As for the debit card that is integrated , it’s simply a method of bridging the asset based capital (bullion) into the fiat currency realm, based on the ability to bridge the two sides of the liquidity yin-yang. Free markets do that and choice is good thing, absolutely ! The account to account payments, direct (with no fees) , are denominated in mass, however. The incentive to allow a robust flexibility with the market incentive to remain on the platform and make your purchases (and sales) with gold mass as the settlement.

    You can also call for your gold if you like, in its physical form. There’s your “lynchpin”.

    It may help for you to know that I’m a customer, only and as a well as being a consumer, I’m also an e-commerce marketer. I don’t relish the large fees that I pay for credit card payments or payments through PayPal. I also prefer my currency to be without the encumbrances and the counter-party risk of debt.

    The BitGold model is a wonderful goose !

  • Kafka:

    Mark
    Go back to your economic textbook. Ceteris paribus- all other things remaining equal. So-called free-trade when both countries can manufacture the same goods becomes a function of all the other things. No OSHA, No EPA, no labor standards of any kind, no sanitation required, the list is endless in favor of China and Mexico.

    To add insult to injury American corporations are transferring technology that is developed in the USA to foreign countries free-of-charge. China is not just a competitor, it is an enemy. Example, GPS, developed by the American military (i.e. paid for by American taxpayers/workers), gifted to China, including the Chinese military.

    Look at the Services component of GDP. It is Government and the Finance, Insurance, Real Estate component, all parasitic components, that are growing.

    You can’t see the forest for the trees; the fact that you can buy your iPhone cheaper while your neighbor starves is not good for the country. Period.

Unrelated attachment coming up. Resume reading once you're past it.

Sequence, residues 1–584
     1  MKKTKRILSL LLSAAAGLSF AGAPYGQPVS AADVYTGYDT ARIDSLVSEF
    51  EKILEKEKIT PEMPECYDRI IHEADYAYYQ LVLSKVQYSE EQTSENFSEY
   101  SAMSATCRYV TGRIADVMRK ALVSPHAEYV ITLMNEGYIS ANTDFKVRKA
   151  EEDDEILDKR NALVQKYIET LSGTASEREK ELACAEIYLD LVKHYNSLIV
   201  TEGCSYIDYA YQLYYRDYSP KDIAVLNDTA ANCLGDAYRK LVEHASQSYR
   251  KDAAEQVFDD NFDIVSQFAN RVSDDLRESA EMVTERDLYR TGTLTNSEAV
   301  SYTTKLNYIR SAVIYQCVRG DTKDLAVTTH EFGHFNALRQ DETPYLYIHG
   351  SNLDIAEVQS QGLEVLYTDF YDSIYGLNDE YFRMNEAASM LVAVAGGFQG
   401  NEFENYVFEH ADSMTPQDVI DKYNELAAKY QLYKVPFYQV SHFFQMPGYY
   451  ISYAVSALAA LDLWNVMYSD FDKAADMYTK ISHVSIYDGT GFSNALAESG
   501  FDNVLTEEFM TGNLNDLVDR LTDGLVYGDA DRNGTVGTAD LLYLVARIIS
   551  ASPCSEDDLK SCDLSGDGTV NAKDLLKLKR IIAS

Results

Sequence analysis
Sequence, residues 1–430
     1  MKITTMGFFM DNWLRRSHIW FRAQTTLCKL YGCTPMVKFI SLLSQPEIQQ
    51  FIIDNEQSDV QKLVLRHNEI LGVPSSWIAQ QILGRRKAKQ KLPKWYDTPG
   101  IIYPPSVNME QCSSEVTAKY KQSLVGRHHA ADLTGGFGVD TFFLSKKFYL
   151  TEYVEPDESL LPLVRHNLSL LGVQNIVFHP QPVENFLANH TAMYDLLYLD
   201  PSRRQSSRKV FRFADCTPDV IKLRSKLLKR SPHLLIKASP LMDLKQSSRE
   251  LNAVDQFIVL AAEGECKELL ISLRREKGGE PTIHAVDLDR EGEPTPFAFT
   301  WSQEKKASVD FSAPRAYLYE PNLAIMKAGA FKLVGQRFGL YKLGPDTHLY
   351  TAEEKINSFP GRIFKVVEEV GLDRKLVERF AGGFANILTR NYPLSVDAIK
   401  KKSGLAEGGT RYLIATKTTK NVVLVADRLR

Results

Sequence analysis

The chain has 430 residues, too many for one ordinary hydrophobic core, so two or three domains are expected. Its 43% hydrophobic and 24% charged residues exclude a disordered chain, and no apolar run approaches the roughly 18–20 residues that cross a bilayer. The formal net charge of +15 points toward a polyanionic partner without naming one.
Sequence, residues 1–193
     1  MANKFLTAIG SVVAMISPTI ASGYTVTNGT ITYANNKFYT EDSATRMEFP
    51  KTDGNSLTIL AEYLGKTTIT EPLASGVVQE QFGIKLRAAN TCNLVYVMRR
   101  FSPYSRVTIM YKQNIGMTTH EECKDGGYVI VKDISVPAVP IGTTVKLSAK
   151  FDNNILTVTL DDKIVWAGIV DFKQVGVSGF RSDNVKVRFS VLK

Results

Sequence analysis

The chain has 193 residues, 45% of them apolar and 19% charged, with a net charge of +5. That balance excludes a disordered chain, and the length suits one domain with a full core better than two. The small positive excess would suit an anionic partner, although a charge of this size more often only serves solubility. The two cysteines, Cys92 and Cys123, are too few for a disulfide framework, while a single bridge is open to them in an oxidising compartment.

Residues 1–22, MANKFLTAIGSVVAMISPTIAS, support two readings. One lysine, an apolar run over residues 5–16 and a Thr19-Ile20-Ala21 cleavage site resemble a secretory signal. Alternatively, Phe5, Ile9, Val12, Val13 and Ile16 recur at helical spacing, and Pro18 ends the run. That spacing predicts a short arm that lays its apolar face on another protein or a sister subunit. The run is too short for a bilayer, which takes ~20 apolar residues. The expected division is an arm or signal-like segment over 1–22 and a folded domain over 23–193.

• therooster:

    Isn’t free trade based on markets that reflect pricing that is based on good sound fundamentals which are also reflected in the underlying settlement currency for the trade ?

    I think the foundational issue of currency has to be addressed. All else can be dealt with , thereafter, to a much easier extent, I might add.

  • therooster:

    VB … Gold is definitely a currency because the market says so.

    • VB:

      Gold is definitely NOT a currency because the REALITY says so.

      A currency is a medium of exchange. NOBODY is using gold as a medium of exchange. When Iran pays with gold for oil, the countries that get the gold don’t use it to pay for something else – i.e., gold is not used as a medium of exchange. It’s just a barter deal – one good for another.

      When the scam outfit you are constantly shilling for gives you a card that lets you “pay with gold”, nothing of the sort happens. The medium of exchange is still US dollars. You work (i.e., sell your labor) and get US dollars in exchange. When you use your “special” card to buy something, the seller gets US dollars in exchange. In other words, the US dollar is the currency, the medium of exchange. Just because somewhere you have bought gold with US dollars and your scam outfit is siphoning 1% per transaction from it for the privilege to let you sell it and buy goods with the proceeds from the sale does NOT make gold a medium of exchange, i.e., a currency.

      Only when you can be paid in weights of gold for the goods you are selling and use that gold to buy something else, gold becomes a currency, i.e., a medium of exchange. But that isn’t going to happen any time soon.

      • Crysangle: